action, escape the effect of a valid stipulation restricting
liability to the declared valuation. See Young v. Delta Air
Lines, Inc., 78 A.D.2d 616, 432 N.Y.S.2d 390 (1980) and cases
there cited. Where (as here) it is clear plaintiffs seek
damages for breach of the carriage contract with Republic, they
may not avoid that contract's liability limits by framing their
complaint in terms of bailment and tort. They must proceed, if
at all, on a breach of contract theory.
In a misguided effort to avoid dismissal of Counts II-VI,
plaintiffs argue the reasoning of the pre-1979 cases no longer
represents good law because in late 1978 the CAB, acting under
the authority of the Airline Deregulation Act of 1978,
49 U.S.C. § 1551, issued regulations exempting air carriers from
tariff filing requirements. See Regulation ER-1080, Operating
Rules for All-Cargo Carriers and Domestic Cargo Transportation
by Section 401 and 418 Carriers, reissuing part 291 of General
Rules for All Cargo Carriers, 14 C.F.R. Part 291 (1979).
Plaintiffs' Mem. 1 contends the lifting of the filing
requirements for air carriers "voided their ability to hide
behind limitations of liability in the tariffs that they had
But as the discussion earlier in this opinion suggests, the
common-law doctrine of declared value rates predated the
tariff filing scheme. All the pre-1979 CAB-filed tariffs did
in that respect was to create a system of constructive notice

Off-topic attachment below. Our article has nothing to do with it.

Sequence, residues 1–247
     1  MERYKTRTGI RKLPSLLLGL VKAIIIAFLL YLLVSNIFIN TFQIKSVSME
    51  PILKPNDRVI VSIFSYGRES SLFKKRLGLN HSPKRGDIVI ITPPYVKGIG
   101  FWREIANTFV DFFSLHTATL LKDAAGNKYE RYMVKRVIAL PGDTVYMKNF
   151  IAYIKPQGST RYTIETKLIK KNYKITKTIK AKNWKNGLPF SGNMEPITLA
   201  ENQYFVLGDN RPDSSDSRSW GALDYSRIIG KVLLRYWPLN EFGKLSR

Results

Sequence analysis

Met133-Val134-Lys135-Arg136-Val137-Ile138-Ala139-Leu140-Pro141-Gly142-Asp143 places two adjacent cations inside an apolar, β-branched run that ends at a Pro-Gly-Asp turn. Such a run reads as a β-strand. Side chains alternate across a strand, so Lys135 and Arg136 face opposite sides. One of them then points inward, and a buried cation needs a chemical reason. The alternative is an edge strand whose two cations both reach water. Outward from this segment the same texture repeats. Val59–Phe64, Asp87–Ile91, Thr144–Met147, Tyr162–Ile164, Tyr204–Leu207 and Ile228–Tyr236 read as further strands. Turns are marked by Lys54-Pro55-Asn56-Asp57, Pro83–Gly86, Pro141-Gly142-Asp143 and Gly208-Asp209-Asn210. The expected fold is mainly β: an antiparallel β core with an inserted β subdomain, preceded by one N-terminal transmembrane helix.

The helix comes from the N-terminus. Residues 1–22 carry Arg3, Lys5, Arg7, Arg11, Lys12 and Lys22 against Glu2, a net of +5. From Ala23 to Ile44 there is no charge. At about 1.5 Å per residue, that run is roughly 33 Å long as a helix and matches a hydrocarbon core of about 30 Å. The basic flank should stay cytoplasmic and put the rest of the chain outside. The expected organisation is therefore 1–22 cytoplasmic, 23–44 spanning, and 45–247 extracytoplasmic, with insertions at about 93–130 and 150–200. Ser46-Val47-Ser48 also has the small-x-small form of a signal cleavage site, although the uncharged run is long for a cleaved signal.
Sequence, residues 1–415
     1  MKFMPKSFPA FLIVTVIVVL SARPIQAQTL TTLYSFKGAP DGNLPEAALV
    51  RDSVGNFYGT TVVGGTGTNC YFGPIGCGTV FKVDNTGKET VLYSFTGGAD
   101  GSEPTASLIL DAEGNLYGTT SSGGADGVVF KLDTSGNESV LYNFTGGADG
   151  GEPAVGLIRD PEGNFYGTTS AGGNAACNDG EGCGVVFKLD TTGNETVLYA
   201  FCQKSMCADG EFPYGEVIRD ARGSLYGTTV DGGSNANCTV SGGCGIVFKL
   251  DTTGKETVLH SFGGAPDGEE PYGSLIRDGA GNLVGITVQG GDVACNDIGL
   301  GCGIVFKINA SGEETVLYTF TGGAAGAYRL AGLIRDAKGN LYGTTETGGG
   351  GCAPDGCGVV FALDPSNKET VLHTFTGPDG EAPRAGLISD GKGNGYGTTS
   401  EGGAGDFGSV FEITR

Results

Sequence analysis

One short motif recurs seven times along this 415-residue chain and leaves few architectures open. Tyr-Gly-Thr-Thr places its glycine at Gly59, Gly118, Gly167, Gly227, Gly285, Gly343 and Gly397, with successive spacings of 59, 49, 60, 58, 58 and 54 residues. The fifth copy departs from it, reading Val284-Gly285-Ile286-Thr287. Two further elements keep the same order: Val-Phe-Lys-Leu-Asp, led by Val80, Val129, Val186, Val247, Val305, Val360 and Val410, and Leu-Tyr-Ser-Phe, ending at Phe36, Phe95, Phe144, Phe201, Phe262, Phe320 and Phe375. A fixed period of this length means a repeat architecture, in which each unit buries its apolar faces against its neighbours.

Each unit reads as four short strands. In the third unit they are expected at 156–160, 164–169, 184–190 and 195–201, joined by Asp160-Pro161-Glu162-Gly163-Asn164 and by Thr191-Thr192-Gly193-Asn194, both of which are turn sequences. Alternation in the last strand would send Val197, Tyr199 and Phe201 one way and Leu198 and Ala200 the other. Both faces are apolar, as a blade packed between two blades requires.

to shippers (somewhat akin to the recording system for
documents affecting real estate — or aircraft — titles).
While Regulation ER-1080 — whose aim was to leave the setting
of air carriage tariffs to market forces — meant air carriers
could no longer presume a shipper's notice of CAB-approved
tariffs, it did not bar the carriers themselves from providing
shippers with the requisite notice of declared value rates. As
First Pennsylvania Bank, 731 F.2d at 1120 put it:
With respect to rates, a succinct statement of
the effect of the deregulation would be that the
CAB was shorn of its powers to pass upon the
reasonableness of rates for interstate air
transportation of property, and to prescribe
future rates to replace those found to be
unreasonable. Abolition of these powers of the
CAB simply abrogated pro tanto the doctrine of
"primary jurisdiction" with respect to such rates.
The courts were thus left free to proceed without
circuity to apply directly the familiar federal
common law rules relating to the subject matter of
released value rates.